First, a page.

Hay puts focus on Arabic literature as festival is exported to Granada

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The Independent Culture

For the legions of bibliophiles who descend on Hay-on-Wye's literary festival every year, the lashing rain and biting winds which tend to greet visitors are an integral part of its charm.

This year, however, the event that Bill Clinton called "the Woodstock of the mind" is to be exported to the far more exotic destination of Granada, Andalucia.

The rain-sodden lecture tents on the outskirts of the Welsh border town will be swapped for the opulent 10th Century Alhambra palace, but the scores of book enthusiasts will remain. The four-day festival is expected to attract 20,000 visitors from across the globe when it opens on 3 April, but it will not replace the British original, which will go ahead as usual from 22 May.

Organisers hope Granada's location on the edge of the Arab world will be used as the focus for discussion, with literary greats and intellectuals including the author Umberto Eco, the historian David Starkey and the Muslim academic Professor Tariq Ramadan gathering to speak at the event.

The founding director of the Hay festival, Peter Florence, said: "The best thing about Granada is it gives us the chance to engage with Arabic literature. We all labour under this misapprehension that there is only one book in the Arabic world, the Koran. But they are going through a golden age, with 20 or 30 fantastic writers across the Middle East and the Arab world.

Dr Starkey said the setting would be ideal for his talk. "I am looking forward to going to the Alhambra palace to talk about Catherine of Aragon in the city, which, more than any other, she regarded as home," he said. He said speaking in Granada would complement previous international festivals he had attended.

This is not the first time the literary celebration has been taken outside "the town of books"; there is already a version of the festival in Colombia, and the organisers are hoping that soon there will be a "Hay" festival every two months somewhere in the world.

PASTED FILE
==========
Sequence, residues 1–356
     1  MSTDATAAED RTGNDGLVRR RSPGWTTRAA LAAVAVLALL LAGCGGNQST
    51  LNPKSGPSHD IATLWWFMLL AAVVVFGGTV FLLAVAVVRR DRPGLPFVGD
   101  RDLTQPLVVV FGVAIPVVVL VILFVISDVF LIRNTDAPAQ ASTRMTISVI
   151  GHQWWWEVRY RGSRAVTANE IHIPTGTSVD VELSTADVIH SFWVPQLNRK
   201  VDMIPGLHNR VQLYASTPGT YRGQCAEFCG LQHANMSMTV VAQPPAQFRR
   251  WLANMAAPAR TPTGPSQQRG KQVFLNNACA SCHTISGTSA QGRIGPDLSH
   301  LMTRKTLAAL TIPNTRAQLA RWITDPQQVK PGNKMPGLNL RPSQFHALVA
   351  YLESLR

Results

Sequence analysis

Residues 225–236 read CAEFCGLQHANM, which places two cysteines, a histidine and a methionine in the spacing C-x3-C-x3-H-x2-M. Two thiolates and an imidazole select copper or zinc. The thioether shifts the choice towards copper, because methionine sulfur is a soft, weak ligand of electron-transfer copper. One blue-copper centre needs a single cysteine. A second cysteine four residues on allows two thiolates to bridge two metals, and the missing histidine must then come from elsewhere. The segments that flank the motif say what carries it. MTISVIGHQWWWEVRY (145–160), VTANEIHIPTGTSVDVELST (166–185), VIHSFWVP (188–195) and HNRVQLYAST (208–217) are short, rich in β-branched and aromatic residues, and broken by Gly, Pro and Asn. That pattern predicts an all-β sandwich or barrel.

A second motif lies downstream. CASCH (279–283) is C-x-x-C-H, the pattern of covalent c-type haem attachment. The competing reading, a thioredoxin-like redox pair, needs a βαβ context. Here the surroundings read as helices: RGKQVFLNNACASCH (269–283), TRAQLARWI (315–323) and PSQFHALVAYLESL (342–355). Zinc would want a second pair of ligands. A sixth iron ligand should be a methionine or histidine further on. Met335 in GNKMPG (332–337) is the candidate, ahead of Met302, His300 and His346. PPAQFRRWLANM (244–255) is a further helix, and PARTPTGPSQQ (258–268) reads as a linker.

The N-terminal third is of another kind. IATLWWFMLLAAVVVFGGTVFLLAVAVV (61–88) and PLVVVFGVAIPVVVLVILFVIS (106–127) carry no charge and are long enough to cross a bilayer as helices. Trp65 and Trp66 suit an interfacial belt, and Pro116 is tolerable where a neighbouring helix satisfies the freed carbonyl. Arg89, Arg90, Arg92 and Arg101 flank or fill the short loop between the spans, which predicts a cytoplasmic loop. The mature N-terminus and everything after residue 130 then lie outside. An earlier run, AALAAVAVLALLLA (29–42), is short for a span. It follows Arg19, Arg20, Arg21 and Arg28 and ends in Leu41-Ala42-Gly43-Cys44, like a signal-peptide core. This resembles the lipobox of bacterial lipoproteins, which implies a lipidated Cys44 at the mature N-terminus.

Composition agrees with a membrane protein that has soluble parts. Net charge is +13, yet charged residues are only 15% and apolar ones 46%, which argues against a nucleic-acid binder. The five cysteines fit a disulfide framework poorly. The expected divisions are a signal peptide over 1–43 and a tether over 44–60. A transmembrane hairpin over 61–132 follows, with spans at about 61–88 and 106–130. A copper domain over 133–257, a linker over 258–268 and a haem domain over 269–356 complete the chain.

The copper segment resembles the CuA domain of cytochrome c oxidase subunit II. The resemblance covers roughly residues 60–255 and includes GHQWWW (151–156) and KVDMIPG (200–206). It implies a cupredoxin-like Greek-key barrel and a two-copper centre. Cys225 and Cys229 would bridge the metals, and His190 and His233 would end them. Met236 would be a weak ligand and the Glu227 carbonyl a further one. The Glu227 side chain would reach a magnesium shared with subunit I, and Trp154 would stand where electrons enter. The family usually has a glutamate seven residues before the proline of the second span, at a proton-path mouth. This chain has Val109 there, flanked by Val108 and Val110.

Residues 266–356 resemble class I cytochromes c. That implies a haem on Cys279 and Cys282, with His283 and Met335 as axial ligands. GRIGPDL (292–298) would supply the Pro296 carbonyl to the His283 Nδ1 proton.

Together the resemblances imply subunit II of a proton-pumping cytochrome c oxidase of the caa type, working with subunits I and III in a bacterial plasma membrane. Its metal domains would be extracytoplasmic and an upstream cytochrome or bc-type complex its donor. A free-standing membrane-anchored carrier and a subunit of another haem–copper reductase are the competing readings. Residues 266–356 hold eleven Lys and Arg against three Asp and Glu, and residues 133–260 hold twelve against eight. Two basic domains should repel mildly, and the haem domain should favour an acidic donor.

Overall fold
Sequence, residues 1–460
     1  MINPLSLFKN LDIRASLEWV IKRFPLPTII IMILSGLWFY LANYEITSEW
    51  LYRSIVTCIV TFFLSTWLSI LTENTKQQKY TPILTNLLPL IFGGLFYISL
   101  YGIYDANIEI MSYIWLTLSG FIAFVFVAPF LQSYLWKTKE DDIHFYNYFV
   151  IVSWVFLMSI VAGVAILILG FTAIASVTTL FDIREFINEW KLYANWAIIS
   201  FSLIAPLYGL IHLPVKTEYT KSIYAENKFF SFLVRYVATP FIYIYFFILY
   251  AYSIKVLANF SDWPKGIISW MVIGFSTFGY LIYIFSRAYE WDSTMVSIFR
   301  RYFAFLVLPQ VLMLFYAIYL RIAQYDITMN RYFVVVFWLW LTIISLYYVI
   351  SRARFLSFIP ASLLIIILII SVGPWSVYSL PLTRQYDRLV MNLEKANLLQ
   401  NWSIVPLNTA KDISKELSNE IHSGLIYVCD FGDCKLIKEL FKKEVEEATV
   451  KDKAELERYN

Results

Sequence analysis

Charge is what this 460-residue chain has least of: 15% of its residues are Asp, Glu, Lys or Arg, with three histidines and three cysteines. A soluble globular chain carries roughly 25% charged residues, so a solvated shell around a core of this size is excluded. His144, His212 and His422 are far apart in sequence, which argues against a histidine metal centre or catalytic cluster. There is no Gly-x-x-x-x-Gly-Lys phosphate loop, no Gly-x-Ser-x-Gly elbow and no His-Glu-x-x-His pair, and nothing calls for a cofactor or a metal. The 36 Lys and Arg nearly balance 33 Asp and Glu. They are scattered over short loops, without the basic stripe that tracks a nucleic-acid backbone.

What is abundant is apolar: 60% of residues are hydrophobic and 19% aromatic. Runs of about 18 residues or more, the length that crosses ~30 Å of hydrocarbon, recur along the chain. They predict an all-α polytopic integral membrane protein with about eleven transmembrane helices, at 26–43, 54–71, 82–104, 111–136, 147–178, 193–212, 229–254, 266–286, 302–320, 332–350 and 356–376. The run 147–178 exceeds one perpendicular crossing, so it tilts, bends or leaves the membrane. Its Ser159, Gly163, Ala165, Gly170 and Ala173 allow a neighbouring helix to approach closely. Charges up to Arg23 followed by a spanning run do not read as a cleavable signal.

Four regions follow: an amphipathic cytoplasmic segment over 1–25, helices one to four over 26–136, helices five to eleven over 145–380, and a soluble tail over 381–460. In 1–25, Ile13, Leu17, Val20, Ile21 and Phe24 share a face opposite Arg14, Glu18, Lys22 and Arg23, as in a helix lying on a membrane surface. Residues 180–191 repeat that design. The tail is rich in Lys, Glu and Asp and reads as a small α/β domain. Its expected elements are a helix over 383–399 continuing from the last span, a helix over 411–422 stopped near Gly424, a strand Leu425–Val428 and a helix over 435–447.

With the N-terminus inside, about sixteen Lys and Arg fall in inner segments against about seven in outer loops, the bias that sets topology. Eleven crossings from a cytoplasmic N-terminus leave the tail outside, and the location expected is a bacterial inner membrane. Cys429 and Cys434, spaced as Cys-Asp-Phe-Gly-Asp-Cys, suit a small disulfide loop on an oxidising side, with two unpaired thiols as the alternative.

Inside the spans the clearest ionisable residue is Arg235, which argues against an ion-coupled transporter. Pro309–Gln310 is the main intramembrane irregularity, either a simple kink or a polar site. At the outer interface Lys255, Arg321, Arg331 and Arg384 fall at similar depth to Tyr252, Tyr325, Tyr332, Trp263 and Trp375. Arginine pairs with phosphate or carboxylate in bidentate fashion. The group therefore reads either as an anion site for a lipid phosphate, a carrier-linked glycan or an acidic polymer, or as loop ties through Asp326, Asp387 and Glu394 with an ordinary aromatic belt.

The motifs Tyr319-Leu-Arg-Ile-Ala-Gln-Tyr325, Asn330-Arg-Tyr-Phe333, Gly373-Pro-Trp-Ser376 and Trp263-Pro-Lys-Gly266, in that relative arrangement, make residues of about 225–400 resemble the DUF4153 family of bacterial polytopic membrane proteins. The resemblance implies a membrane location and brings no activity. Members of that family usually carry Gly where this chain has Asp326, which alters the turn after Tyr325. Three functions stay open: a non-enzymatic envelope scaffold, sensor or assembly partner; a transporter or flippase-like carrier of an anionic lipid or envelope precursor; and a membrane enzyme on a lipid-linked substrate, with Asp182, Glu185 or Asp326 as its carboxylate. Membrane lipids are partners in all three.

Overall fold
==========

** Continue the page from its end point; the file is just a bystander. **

"It will parallel my earlier experience in speaking at the Hay Festival in Cartagena de Indias, [Colombia] about English and Spanish visions of Empire in a major Spanish imperial port," said Dr Starkey. "Only the Hay festivals could provide such a perfect match of places and themes."

The travel writer Michael Jacobs said the festival would be a fitting reminder of Spain's Islamic past. "The occasion promises to be a reminder of what Islamic Spain had once been like – a great cultural meeting point not only for Spain and the rest of Europe, but also for the Arab world and the West."

The Palestinian poet and author Mourid Barghouti agreed that the choice of the Moorish Alhambra palace for the Granadan Hay was highly fitting, referring as it does to Spain's cosmopolitan past.

"The multicultural spirit of the Hay Festival could not possibly manifest itself in a more suitable place other than Granada," he said. "To me, a grandson of the builders of Alhambra, it will be an intimate event."

The Hay festival has come a long way since 1988, when Mr Florence first thought of attempting a celebration of literature in the then obscure town which today is still home to just 2,000 permanent residents.

"We really hoped when we first set up Hay that we would get enough people to watch Carol Ann Duffy in the back of a bar that seated about 45 people", he said.

"It was like a family party; we invited mates up to talk and read a bit and have supper. That spirit has stayed on, but we're a lot bigger now."